The 5S method - Optimising the workplace
5S was developed in Japan and used by Toyota. Accordingly, the 5S are Seiri, Seiton, Seiso, Seiketsu and Shitsuke, which means sort, set in order, shine, standardise and sustain. The steps take place one after the other and are repeated continuously.
In the first step, we take a look at our workplace and the environment. What is needed and what is not needed? What is not needed is removed and for the things that are needed, we figure out how often we need them.
Set in order
Then we put everything that is needed for the work to a designated place. A distinction is also made between what is needed frequently and what is needed less frequently. The more often we need something, the more ready to hand it has to be. A sensible and effective system is important here. To keep things where they belong, labels or coloured markers are very good. It can even be useful to fix work utensils firmly so that they cannot be misplaced.
A matter of course for some, a pain for others: cleaning the workplace. A clean and above all dust-free workplace not only helps you to work well, it is also well received by customers. In addition, you protect your product from damage caused by dust and dirt, such as scratches.
Once one workplace is done, it's time to apply it to all the others. Create a standard that applies to all workplaces. Since not every workplace is the same and the standard for an office workplace cannot of course be transferred to the workshop, it is important to create corresponding standards for the same or similar workplaces.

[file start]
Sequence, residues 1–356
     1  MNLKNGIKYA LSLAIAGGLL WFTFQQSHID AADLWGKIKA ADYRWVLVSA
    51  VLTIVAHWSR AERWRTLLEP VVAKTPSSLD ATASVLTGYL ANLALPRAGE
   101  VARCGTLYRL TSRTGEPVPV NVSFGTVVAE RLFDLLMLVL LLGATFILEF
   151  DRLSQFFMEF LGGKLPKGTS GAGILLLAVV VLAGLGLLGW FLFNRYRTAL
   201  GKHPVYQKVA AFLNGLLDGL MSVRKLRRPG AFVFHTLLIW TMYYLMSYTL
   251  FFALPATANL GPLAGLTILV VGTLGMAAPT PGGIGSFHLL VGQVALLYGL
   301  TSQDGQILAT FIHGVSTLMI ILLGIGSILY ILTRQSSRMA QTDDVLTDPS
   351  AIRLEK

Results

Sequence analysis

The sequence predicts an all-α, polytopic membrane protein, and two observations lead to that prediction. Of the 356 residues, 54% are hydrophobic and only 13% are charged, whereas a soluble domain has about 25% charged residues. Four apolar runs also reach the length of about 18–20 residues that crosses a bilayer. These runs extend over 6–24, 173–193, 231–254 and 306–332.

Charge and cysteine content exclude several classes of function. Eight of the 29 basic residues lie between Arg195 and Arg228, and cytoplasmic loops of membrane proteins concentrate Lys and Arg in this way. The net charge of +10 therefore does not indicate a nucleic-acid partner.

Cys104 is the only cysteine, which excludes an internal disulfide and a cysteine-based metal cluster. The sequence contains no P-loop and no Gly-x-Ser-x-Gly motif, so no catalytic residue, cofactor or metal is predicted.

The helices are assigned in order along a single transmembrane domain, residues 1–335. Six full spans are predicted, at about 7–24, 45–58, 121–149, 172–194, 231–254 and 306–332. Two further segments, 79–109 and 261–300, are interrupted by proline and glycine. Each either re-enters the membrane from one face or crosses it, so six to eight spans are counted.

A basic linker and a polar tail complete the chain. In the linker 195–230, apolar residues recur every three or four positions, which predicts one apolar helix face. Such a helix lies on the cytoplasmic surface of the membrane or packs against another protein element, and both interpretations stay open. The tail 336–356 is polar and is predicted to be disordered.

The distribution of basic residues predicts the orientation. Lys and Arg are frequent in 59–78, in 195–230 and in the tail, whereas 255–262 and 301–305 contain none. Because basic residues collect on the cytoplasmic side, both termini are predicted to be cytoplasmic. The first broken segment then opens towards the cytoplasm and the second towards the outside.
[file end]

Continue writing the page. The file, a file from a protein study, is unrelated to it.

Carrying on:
You can try as hard as you want, but if you fall back into old patterns over time, the effort was in vain. That is why it is important to stick to the new procedures and tidiness. For example, it is a good idea to bring everything back to the established standard after work is done. Then you start the next working day well organised again.
Advantages and disadvantages of the 5S method
- An increase in transparency,
- an increase in the throughput speed of processes, as less time has to be spent on preparing the actual work,
- waste is reduced,
- substitutes find their way into the work more easily and quickly due to standardisation and order, and (perhaps most importantly)
- the quality of the work and thus the quality of the product and ultimately customer satisfaction increase.
Where there are advantages, there are of course also disadvantages:
- The work steps are standardised, which leaves little to no room for introducing one's own ideas,
- there is a reactive response to a problem instead of proactively avoiding it,
- a very high degree of discipline is required and
- the optimisation itself can be seen as non-value-adding.